The name and the styling are clearly trying to evoke an Old World European sophistication and the year “1792” is emblazoned across the top label, though the significance of this date is never mentioned. It clearly calls itself a “London Dry Gin” though I wonder whether it really fulfils the EU requirements. Neither the bottle nor the website give anything away about the botanicals* but what originally roused my curiosity was the fact that it is made from molasses neutral spirit. This sounded rather exotic, but in fact sugar beet molasses turns out to be the base for quite a bit of mass-market gin and about a third of European vodka production.

I dig out some Gordon’s green and mix up a couple of G&Ts with Schweppes tonic, using Castle Bridge in one and Gordon’s in the other. I offer them blind to DBS and ask which he prefers. Without much deliberation he chooses the Ghanaian gin. In truth even the 37.5% Gordon’s green is more complex than Castle Bridge in my opinion, but the latter has an appealing freshness to it and, as I suspected, when mixed with tonic it performs its role in the partnership perfectly diligently. I suspect its simplicity might actually make it ideal with more elaborate tonics.

So there you have it, ladies and gentleman: at £2–3 cheaper per bottle Castle Bridge is better value than Gordon’s (and a higher ABV too).

Our booty for the day. Yes, that's a carton of Egg Nog
At £15 a bottle Uganda Waragi (40% ABV) is dearer. The term “waragi’ is actually a generic one for locally distilled spirit, made from all kinds if things including banana and cassava. The word apparently means “war gin” and was coined by European ex-pats, referring to the practice of drinking before battle for “Dutch courage”; the local word for such spirits was enguli. I suspect the actual “gin” style of flavouring was brought by the settlers themselves and adopted locally. Despite decades of legislation plenty of the stuff is distilled illegally—only last year 80 people died from drinking toxic banana moonshine.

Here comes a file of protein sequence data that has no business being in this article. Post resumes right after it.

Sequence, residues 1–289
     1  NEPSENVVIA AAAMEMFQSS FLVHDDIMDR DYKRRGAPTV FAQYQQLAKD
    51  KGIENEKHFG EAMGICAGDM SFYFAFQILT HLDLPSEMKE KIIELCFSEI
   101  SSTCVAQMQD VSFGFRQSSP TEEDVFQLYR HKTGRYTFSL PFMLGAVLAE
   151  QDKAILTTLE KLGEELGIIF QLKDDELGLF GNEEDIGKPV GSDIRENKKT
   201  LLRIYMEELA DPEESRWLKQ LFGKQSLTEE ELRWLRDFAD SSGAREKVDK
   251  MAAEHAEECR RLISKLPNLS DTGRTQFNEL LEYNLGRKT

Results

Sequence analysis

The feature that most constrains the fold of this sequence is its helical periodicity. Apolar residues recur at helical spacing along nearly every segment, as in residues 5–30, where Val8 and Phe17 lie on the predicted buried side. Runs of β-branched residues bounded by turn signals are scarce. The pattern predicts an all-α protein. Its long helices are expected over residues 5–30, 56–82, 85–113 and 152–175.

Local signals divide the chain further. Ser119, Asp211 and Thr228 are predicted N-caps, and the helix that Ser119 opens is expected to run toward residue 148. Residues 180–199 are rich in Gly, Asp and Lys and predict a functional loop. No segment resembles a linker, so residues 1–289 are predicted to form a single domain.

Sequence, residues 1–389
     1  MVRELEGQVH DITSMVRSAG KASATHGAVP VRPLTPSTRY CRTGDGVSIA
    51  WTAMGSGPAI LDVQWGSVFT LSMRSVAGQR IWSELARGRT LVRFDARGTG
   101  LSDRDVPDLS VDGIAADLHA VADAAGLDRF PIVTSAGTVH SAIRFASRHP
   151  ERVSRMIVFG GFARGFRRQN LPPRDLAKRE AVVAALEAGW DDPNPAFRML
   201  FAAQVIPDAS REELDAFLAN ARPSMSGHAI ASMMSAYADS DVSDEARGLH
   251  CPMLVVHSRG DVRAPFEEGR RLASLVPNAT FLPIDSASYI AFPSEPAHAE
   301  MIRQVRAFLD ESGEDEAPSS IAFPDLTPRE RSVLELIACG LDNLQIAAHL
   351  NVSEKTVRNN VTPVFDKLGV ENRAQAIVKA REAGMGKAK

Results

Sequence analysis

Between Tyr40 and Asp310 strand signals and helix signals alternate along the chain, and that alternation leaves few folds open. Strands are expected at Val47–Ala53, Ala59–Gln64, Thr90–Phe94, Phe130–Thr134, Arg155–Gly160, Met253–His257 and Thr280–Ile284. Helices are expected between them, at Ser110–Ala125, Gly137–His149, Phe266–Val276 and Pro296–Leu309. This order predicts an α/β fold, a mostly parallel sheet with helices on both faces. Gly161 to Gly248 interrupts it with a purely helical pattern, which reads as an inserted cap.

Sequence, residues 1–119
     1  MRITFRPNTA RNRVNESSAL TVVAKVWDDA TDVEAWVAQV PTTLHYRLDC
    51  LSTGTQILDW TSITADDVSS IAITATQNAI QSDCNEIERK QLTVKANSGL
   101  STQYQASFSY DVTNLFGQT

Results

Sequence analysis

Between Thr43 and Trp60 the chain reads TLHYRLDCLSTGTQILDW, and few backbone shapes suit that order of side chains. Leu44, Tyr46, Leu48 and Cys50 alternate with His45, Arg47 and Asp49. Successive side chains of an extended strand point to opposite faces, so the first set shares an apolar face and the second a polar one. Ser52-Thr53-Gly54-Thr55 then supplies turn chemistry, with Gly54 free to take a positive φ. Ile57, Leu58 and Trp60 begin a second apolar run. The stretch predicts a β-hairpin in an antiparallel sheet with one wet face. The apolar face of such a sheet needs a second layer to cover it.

The beverage that is branded as Uganda Waragi is made by East African Breweries Ltd, makers of Tusker beer and ultimately owned by Diageo. It is triple distilled from millet and its sales represent a third of the entire spirits market in Uganda. Interestingly, although this product clearly is what you would call gin, the label only uses the word in very small writing near the top, and I have seen pictures of some labelling which doesn’t mention gin at all. (Perhaps it is only labelled as gin for export.)

It’s quite sweet, floral and spicy compared to Castle Bridge, with a remarkable perfume to it, though I feel that it could possibly tend towards cloying, with something in the smell that reminds me of plasticine. Up against SW4 it actually has a similar overall profile though the latter is more complex as well as more juniper-driven.

DBS carted three bottles of the stuff away. I’m assuming this batch is harmless, though, now I think of it, I haven’t heard from him in a while…

* The label does helpfully explain that it is "blended from superior ingredients according to an old secret formula".

To find out how we got on with the bitters, plus various strange soft drinks, tune in for Gin Safari 2, coming soon…


  1. You should try and get your hands on some Malawi Gin...

  2. I'd go there in order to get those liquors because I'm lover of the new things and those bottles I think will give me what I want.